Thursday, 3 September 2015

Tibet’s Economic Development and China’s ‘Boomerang Aid’

On 1st September 2015, the Central Tibetan Administration or the Exile Tibetan Government responded to the Chinese White Paper on Tibet issued back in April 2015. 

The response  was realistically and responsibly titled "Tibet was not Part of China but Middle Way Remains a Viable Solution ". Fortunately, the response from the Exile Tibetan Government  has more reliable information and realistic approach than the Chinese white paper which contains nothing more than absolute rhetorics and deliberate lies.

As an Institution that deals with environment and developmental issues in Tibet, the most interesting part of the Chinese White Paper  and the response from Exile Tibetan Government is the current state of Environment and path of development in Tibet under Chinese rule. We were encouraged by the Chinese government's latest effort to tackle environmental issues in China, but appalled by the lack of similar effort in Tibetan areas where extensive mining and damming causing extreme damage to the fragile ecosystem of the World's highest Plateau and marginalizing its rightful inhabitants of any real benefits.

Following is an extract from the Tibetan Response on the Chinese white Paper which claims environmental protection and economic progress for the Tibetan people.


Tibet’s Economic Development and China’s ‘Boomerang Aid'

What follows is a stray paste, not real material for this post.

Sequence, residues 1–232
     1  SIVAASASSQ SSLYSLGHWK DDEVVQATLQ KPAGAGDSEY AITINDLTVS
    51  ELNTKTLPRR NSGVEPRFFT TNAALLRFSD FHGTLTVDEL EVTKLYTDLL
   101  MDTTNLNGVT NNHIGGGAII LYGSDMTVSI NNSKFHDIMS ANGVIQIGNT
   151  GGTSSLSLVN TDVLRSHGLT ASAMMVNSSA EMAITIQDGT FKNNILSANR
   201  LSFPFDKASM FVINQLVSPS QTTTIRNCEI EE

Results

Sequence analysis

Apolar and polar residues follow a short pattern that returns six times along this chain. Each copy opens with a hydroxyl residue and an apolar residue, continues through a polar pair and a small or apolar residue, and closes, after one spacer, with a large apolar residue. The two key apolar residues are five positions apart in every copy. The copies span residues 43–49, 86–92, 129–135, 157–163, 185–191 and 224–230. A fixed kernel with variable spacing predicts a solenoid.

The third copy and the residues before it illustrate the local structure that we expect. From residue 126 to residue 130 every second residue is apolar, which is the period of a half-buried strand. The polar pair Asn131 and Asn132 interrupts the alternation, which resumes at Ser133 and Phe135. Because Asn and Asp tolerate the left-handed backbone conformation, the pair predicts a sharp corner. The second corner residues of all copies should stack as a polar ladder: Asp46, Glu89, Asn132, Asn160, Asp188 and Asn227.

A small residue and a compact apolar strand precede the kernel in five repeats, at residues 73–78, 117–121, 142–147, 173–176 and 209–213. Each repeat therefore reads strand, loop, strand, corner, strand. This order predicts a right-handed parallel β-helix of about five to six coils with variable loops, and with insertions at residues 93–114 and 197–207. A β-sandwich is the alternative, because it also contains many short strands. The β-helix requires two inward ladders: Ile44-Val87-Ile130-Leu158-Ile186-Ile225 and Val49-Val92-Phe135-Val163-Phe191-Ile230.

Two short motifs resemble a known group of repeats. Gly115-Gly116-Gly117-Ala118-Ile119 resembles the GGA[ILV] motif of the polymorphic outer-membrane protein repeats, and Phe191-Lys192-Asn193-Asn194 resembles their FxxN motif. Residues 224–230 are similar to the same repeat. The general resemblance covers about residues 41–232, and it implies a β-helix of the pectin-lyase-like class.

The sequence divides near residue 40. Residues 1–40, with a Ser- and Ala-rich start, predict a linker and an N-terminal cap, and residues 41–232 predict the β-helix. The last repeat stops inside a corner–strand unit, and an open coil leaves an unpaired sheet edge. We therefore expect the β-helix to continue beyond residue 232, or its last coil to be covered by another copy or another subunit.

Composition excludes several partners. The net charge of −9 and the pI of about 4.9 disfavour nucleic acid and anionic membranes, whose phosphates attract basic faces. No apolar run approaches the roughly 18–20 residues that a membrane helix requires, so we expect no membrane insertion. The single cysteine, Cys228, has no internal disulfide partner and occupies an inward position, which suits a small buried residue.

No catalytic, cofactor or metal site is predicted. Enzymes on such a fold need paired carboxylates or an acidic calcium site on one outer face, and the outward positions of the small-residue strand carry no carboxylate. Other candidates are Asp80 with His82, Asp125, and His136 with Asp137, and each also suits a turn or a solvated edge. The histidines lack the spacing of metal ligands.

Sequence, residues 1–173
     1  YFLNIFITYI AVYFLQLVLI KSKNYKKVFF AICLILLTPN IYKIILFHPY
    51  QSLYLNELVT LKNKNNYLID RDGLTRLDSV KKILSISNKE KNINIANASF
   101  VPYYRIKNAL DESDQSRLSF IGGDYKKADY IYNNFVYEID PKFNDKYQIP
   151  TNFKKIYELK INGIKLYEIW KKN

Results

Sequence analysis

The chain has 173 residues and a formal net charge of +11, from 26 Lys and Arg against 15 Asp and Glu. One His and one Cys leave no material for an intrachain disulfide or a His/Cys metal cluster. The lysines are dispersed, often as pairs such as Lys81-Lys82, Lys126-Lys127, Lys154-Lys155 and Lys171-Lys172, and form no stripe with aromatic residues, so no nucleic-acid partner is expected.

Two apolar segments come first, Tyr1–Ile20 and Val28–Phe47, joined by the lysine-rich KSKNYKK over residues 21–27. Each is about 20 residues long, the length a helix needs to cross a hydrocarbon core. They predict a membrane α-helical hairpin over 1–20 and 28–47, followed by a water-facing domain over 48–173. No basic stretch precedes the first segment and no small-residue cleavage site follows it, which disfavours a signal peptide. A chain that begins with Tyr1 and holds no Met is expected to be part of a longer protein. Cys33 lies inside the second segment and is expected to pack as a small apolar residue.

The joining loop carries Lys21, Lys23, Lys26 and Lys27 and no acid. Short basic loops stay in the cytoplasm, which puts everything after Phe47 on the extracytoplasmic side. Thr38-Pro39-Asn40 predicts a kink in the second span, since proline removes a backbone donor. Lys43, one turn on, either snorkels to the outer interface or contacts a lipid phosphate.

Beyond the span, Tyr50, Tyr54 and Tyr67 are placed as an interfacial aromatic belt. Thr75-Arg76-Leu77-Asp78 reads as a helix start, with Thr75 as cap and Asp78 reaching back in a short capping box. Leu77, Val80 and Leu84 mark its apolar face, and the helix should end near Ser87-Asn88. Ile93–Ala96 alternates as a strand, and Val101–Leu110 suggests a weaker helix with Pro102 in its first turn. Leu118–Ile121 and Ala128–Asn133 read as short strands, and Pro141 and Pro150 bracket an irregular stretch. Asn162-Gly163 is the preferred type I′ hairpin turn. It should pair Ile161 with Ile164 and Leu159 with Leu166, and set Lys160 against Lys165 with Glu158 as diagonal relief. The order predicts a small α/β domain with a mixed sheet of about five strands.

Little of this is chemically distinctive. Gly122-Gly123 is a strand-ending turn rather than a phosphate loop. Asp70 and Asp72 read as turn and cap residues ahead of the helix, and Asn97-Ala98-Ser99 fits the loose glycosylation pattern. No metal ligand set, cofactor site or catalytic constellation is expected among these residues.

While the Chinese government attempts to rationalise its occupation of Tibet stating that it was backward and feudal, Tibet today is far from current international standards in terms of human development. Tibet today is off-limits to any scrutiny by independent international media and rights groups. On the issue of the current state of Tibet’s development, the United Nations Development Programme says, “Tibet still lags behind other areas of China in terms of human development. Harsh conditions, scarce resources, and insufficient infrastructure limit potential sources of economic growth. Meanwhile, the growth that does take place is concentrated in cities and yields little benefit to many ethnic Tibetans, most of whom live in rural areas and lack skills compared to migrant workers from other parts of China.” There is an acute need for a shift in the basic approach towards the development of Tibet. Beijing’s approach has led to chronic dependence on subsidies, referred to as “blood transfusion economy” by economists. There is massive central government aid to Tibet to develop infrastructure, highways, railway lines, airports and communications system, all aimed to facilitate Beijing’s control of Tibet. But what the central government’s right hand gives to Tibet is also taken away by its left hand. Economists define this sleight of hand as “boomerang aid.” Tibet’s expanding network of highways and railway lines is helping Beijing to exploit the region’s abundant natural resources. Tibet’s water and hydro energy resources and its minerals are exploited with no or little compensation for the local Tibetans. On the other hand, Beijing’s focus on urbanisation and infrastructure, plus settling the Tibetan plateau with immigrants, has not really helped to improve the life of the majority of Tibetans but has increased their marginalisation. Nor has there been a transfer of skills to Tibetans. Tibet continues to rely on outside aid, both capital and labour. “This urban-oriented growth has contributed to rapidly increasing income disparity between urban and rural areas, and between Han and Tibetan populations” (Holcombe, Arthur. 10 June 2002. Testimony to US Congressional Executive Commission on China). The Chinese government often talks about spending millions on boosting development in Tibet, but how much of that money is actually spent on improving health, education, job and social welfare that benefit the local Tibetans is a big question. China’s own statistics show that most of the money as part of China’s Western Development programme is being spent on mega projects like extending and expanding highways, railways and airports to transport minerals from Tibet and bring in tourists, officials and Chinese migrants to the plateau. What Tibetans actually need are good schools with qualified teachers, hospitals with modern facilities and doctors, jobs and employment opportunities in their own villages and towns.

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